Last week marked one of the best opportunities as a strength coach that I’ve had in my short coaching career. I was able to be one of the strength coaches for the USA women’s hockey developmental camp (ages 14-15) in Saint Cloud, Minnesota. Our primary goals were to run the warm-ups/cool downs for all the teams before and after each practice. Each team also had two strength and conditioning sessions within the week which consisted of teaching and implementing the basic lifting patterns (push, pull, hinge, single leg, core) that would be expected of them in future camps within USA Hockey.
The week was awesome and straightforward. The highlight for me came during the first night of camp when Joe Eppolito (camp director) spoke at the first official meeting for the staff and players to discuss expectations. Here were the highlights…
- Representation: Players represent their hometown teams, their state, and most importantly themselves. Take pride in what you do and understand that you represent more than you may think.
- Cleanliness: be responsible for your dorm room and don’t leave it like a pig’s house. Part of responsibility/success is being clean, organized, and accomplishing those duties on a daily basis.
- Be Thankful: Be thankful for having this opportunity because you will remember it for the rest of your lives. It’s not everyday that you get to go to a select camp that is for the best hockey athletes in the nation for your age group. Be sure to thank those who helped get you there: parents, coaches, friends, other family members, etc..The sacrifice of time and money for parents to help these athletes get to practices and be able to participate is immense–>be thankful!
- Respect/Learn: Be sure to be respectful to all the coaches and staff because these are the best in the nation at what they do. Learn from them, ask questions, and try your best to absorb that information because it will improve the various skill sets needed to be a successful hockey player.
- Have Fun: Having fun often times takes a backseat because everyone has become infatuated with winning and not the process. The camp is also about building new friendships and appreciating how far you have come during the short time you have been on this earth. Love for the game is more important than anything.
Those messages have stuck with me and I’m sure they will for quite some time. At Endeavor, we have the opportunity to work with many elite level male hockey players but we don’t have many female hockey players. After that week, I wish we had more because these girls worked diligently, listened carefully, and were arguably the most respectable bunch of people I’ve ever met. I was honored to be a part of the process and not just the end result.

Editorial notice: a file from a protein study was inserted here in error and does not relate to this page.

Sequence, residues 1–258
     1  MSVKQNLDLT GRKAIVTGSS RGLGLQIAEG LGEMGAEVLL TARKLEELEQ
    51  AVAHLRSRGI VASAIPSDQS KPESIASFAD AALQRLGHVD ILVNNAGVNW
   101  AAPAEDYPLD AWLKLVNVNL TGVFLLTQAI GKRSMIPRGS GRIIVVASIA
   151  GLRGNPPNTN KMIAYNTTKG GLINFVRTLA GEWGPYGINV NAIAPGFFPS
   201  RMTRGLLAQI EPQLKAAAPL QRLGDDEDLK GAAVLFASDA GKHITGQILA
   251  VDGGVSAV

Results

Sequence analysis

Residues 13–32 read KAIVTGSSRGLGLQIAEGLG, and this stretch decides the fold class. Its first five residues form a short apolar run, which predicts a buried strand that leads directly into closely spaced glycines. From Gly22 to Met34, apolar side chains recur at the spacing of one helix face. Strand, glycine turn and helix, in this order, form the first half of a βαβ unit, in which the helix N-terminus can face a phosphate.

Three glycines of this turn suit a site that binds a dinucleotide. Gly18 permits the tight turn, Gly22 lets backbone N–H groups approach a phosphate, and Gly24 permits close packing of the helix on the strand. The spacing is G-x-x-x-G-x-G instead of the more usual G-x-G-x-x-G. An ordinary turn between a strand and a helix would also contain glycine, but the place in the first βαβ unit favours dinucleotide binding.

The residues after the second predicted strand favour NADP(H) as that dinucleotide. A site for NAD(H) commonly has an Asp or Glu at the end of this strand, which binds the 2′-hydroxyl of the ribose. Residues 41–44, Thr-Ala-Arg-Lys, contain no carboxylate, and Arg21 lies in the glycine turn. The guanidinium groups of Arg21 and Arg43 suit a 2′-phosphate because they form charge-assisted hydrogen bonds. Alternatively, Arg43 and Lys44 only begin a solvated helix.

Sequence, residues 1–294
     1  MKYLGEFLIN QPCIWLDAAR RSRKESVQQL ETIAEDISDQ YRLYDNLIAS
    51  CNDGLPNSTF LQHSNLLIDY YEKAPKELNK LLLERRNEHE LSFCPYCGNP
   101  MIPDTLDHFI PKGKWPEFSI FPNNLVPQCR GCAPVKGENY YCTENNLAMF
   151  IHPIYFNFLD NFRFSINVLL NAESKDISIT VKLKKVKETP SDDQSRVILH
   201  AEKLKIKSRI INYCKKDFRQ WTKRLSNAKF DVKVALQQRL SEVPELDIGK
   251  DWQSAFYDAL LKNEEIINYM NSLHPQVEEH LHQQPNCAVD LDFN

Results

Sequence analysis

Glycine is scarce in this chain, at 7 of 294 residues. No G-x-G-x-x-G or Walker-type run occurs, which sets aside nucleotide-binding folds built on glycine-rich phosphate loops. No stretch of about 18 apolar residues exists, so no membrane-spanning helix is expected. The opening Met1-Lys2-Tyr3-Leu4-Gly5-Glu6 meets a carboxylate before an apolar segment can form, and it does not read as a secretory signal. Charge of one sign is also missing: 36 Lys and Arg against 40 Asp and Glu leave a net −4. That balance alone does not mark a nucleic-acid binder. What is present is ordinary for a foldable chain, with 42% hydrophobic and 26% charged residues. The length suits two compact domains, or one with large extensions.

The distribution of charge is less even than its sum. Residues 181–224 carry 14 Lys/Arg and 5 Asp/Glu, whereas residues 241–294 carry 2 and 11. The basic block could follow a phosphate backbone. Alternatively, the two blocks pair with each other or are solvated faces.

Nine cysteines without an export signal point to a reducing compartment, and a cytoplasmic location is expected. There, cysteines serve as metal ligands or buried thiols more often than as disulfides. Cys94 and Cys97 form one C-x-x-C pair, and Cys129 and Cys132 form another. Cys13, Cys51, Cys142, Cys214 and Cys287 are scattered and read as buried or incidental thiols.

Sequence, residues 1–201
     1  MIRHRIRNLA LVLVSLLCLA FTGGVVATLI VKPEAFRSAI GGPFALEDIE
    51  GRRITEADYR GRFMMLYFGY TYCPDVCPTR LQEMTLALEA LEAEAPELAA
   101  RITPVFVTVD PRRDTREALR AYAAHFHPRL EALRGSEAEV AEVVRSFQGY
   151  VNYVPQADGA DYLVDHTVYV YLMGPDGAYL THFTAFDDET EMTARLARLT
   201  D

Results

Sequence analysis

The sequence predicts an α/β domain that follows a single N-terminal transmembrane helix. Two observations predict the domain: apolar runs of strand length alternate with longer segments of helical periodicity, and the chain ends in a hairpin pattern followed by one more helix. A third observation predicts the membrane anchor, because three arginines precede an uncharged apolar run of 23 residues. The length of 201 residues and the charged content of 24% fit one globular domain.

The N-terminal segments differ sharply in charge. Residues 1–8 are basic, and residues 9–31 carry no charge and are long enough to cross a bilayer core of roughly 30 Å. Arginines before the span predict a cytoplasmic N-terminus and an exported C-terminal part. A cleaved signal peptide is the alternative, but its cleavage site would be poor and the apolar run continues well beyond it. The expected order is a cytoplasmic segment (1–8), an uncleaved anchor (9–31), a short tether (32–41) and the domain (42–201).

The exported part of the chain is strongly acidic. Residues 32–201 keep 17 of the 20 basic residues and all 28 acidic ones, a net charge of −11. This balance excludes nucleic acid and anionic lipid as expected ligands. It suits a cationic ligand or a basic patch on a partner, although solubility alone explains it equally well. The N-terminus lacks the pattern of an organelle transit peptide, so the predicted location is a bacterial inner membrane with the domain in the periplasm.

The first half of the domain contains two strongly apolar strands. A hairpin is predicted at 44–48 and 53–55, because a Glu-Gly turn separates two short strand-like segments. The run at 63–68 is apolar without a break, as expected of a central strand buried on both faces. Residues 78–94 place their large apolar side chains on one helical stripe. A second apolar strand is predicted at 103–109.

I encourage any parent, coach, or player to check out the USA Hockey Developmental Model as a guideline to any youth sport because they are running it better than anyone. Here is just one example from USA Hockey’s home website..
“For starters, many athletes spend too much time traveling, competing and recovering from competition and not enough time preparing for it. Second, there is too heavy a focus on the result rather than the performance. This attitude leads to long-term failure, as coaches forgo the development of skills to focus on specific game tactics. And third, too many athletes are specializing too early on. An early focus on just one or two sports often leads to injuries, burnout and capping athletic potential.
This way of thinking has led to 60% of players dropping out before PeeWees and 20% dropping out after only one season leading to an overall decline in retention since 2000.
Coach Herb Brooks was famous for saying that, “Great moments are born from great opportunities.” Well this is our opportunity. Our time to get it right.
The American Development Model is a nationwide model for successfully developing American hockey players. It is a tool that will ensure every kid will have the same chance to succeed.
By implementing ADM, associations will see an increase in player retention. Again, ADM is a set of guidelines designed specifically to help kids reach their full potential.
Onward and Upward